The exponential growth of citywide festivals continues apace with the latest edition of Sheffield’s TRAMLINES Festival. Attracting an impressive 35,000 fans to its inaugural event in 2009, the city’s premier music festival has developed into a hotly anticipated annual fixture with an impressive attendance in the region of 200,000 revellers. Much like this summer’s Liverpool Sound City, Tramlines saw 2015 as a chance to progress to a new chapter in its juvenile history. Moving the main stage from Devonshire Green to the much larger expanse of Ponderosa Park a mile up the road certainly echoes the relocation of Sound City to its new Dockside home.

Brand spanking new stages aside, what really makes Tramlines tick is the sheer wealth of affiliated events on offer, official or otherwise. With the bulk of Sheffield’s most popular venues offering a jam-packed programme across the three days, the city whirs into life, sound and colour bursting out of every pore. Industrious local businesses embrace the footfall with discounts and invitations to sample their wares, whilst small back-alley drinking holes teem with merry custom. Rather than gathering in a far-flung field, city-based festivals offer a unique opportunity for locals and tourists alike to engage in the unique vibrancy of an urban environment.

The Merseyside contingent makes its greatest showing yet this year, with a smattering of artists showcasing the wealth of diversity on offer in the region. Post-rock stalwarts ANATHEMA bring their continually evolving sound to the grand setting of the City Hall, deftly promoting their individualist take on melancholy. Over at The Harley, Liverpool newcomers GULF seek to prove why their own brand of psych pop is garnering a positive reaction across the board, whilst Heavenly Records signees and BBC 6Music favourites HOOTON TENNIS CLUB reignite the wit and charm of Pavement with a winning set at The Leadmill. But that isn’t all from the reignited Heavenly set, as STEALING SHEEP deliver a performance of increasingly popular hits from their critically acclaimed second album, Not Real. And, in embracing the fringe events with open arms, another homegrown gem is unearthed: Stewart Lee favourites EX-EASTER ISLAND HEAD smash home a stunning performance of their latest Mallet Guitars piece to a rapturous reception in the newly renovated Abbeydale Picturehouse Social.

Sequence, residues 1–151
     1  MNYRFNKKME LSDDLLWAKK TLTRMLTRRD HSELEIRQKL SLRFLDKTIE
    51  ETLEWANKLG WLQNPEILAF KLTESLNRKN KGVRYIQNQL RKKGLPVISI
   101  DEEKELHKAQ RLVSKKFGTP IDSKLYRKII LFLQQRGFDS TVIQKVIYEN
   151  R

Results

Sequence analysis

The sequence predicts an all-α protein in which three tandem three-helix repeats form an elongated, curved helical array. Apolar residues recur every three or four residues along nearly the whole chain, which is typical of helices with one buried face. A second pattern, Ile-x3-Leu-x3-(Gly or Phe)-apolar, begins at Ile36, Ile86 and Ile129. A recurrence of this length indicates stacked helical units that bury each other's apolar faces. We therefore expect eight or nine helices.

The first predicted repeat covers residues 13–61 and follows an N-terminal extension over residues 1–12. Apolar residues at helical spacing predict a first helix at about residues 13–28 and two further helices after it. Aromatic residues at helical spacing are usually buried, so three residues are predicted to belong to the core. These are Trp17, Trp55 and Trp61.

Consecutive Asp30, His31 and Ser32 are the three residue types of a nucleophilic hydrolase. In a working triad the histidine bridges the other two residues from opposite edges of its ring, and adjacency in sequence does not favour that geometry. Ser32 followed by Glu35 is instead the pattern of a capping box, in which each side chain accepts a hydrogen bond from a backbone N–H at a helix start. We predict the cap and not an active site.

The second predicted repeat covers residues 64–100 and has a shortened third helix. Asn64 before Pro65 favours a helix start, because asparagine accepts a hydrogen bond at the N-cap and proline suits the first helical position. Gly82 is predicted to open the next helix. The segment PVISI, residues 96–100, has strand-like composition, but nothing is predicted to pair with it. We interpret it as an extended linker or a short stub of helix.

TRAMLINES Image

Dark, minimal and dripping with post-punk cool, Manchester’s LONELADY takes another leap into the realms of crossover popularity with a confident Main Stage performance, further cementing her position as a key signing to the Warp Records roster. Some would say a party just ain’t a party without the funk-soul marathons of CRAIG CHARLES, and he hits his peak around the midnight mark at DQ on Sunday.

With the newly hiked (although still reasonable) ticket prices, it’s important for Tramlines to prove its worth with a handful of big hitters. Stepping in for the last-minute cancellation of the Wu Tang Clan, DE LA SOUL take the impromptu headline slot in their stride, showcasing hit after hit like true heavyweights. MARTHA REEVES ignites a sun-soaked Saturday with her iconic golden voice, whilst THE SUGAR HILL GANG do what they do best with an upbeat set of rap classics. BASEMENT JAXX completely steal the show with an impressive setlist jam-packed with charting singles – a tantalising taste of what’s to come at Liverpool International Music Festival on August bank holiday weekend.

Clearly risks are taken in bringing a larger incarnation of Tramlines, but the slick organisation, forward planning and reasonable pricing show all the hallmarks of a team with experience. A headlining act pulling out with 24 hours to go might well sink many festivals, but the swift replacement with artists of arguably equal weight shows that Tramlines really means business. These girls and guys are tough. But what else would we expect from the Steel City?

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